As Local As It Gets

We took a break. Just a night away, out in the middle of nowhere.

A chance to settle ourselves before that dreaded Christmas season beds in with a vengeance.
TLC and I have been working our way through a small chain of hotels based in the Cotswolds, called (natch) Cotswold Inns. They're dotted in small towns and villages in Oxfordshire and Glocestershire: places like Burford, Moreton-In-The-Marsh and, on this occasion, the tiny village of Bibury.
It looks like a half-horse town, but Bibury punches above its weight. Home to a beautiful Saxon church, a row of cottages that are among the most photographed in the country (during our stay, we lost count of the Japanese coach parties that pulled in)–and, of course, the Swan Hotel.
Cotswold Inns make an effort with their grub, and we have made a habit of snagging a lunch or dinner deal along with the room. As always, we weren't disappointed.* We were especially pleased to see that the culinary ingredient that puts Bibury on the map for foodies was available for both breakfast and lunch. Trout, from the farm that's literally a stone's throw across the road.
Now, locavorism can be a bit of a pain in the ass. Sourcing your food from a 50-100 mile radius is fine and dandy if you can afford some of the more artisanal product on offer, or have access to a farm shop. If not, things get a bit more tricky. But it would be foolish indeed for The Swan not to offer Bibury trout. It's right there, ferchrissakes. Sweet and fresh, trout is a fish that has the characteristics of salmon and, to my mind, a little more class. Whole, baked en papillote or blasted under a grill for five minutes a side, it's a fragrant, easy supper.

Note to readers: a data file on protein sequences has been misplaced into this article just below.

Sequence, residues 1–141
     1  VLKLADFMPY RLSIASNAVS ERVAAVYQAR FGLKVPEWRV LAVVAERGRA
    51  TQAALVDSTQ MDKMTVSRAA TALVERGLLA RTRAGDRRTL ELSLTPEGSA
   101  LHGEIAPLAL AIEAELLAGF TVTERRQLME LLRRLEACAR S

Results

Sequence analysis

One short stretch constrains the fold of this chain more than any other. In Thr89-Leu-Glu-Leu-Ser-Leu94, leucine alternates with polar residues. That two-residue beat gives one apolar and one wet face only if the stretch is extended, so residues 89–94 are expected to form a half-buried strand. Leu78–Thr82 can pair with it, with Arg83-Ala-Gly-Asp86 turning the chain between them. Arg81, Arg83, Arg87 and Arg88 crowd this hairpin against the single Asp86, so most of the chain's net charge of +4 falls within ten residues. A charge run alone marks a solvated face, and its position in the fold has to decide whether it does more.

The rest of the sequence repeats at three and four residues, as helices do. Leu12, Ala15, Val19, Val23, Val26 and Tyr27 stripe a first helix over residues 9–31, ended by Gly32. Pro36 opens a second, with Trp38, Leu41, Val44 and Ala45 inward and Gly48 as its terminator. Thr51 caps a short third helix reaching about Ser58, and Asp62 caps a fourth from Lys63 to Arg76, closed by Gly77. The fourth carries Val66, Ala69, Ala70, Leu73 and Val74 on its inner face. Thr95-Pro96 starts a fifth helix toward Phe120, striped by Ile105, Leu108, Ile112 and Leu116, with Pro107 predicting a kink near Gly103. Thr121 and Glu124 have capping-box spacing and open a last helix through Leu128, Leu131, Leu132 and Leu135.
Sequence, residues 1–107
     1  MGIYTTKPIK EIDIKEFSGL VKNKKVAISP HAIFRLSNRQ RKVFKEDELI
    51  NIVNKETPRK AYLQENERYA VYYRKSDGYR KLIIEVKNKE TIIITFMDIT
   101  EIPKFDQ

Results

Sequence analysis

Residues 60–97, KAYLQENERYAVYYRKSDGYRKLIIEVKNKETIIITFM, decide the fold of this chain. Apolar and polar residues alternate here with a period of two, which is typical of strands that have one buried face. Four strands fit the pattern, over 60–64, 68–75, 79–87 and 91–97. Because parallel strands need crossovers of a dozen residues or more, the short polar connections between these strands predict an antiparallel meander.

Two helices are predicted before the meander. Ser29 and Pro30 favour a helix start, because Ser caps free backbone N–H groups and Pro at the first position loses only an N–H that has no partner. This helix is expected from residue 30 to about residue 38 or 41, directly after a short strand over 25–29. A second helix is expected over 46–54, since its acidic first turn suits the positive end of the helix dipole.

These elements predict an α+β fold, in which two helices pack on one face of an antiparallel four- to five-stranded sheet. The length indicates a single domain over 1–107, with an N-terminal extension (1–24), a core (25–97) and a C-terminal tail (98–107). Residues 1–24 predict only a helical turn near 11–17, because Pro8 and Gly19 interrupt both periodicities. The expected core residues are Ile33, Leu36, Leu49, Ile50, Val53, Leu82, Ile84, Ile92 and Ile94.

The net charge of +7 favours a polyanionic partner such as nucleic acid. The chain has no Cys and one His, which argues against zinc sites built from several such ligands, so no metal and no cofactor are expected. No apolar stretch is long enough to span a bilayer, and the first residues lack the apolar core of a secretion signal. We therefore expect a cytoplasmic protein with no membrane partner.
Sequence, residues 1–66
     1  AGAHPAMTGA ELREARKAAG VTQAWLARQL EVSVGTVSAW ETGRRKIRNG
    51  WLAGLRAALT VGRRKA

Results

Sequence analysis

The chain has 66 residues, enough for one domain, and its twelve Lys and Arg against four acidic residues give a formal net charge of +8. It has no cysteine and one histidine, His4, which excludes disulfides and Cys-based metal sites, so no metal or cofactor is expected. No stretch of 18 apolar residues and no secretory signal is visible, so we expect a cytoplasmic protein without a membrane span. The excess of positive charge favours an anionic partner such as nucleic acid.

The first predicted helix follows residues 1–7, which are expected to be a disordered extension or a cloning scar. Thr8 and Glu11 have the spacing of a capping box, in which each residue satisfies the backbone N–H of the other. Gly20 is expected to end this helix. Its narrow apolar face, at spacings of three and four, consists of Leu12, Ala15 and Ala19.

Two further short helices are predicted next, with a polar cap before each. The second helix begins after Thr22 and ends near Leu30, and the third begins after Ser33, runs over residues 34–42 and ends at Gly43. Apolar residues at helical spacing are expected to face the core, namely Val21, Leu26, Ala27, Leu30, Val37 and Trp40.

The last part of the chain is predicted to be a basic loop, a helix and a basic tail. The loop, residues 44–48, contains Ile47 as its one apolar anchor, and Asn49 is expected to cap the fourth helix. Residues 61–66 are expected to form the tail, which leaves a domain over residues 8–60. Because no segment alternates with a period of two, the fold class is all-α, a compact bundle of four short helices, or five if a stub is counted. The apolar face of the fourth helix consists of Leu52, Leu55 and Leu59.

As a smoked fillet, trout is a revelation. It somehow keeps its characteristic flavour, working with the smoke to present a more delicate yet entirely satisfying alternative to its bigger brother. As a starter with a caper-studded potato salad, smoked trout fillets are a knockout. As gravlax, the milder flavour works beautifully with a dill and sugar cure. As a fish cake, it's a delight, although I'd recommend a little care when making them: think chunky bits of fish, rather than a slurry folded through mash. With a thick, home-made tartare sauce on the side? Yes, please.
We took home a bag full, of course. Even driven back down the M4 to X&HTowers, Bibury trout has impeccable locavore credentials. 2014 has become the year when I found a new appreciation for the humble smoked fish. From the smokehouses of Northumberland to the pure, clean rivers of Gloucestershire, our fish packs a punch that can't be ignored.



*with one caveat. For a chain that pushes its Cotswold creds so hard, it was a shame not to see local ales at the bar. From Arbor to Wickwar, there are dozens of breweries within 20 miles of the Swan Inn. They could do better than Theakston and Deuchars, surely…




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Writer. Film-maker. Cartoonist. Cook. Lover.

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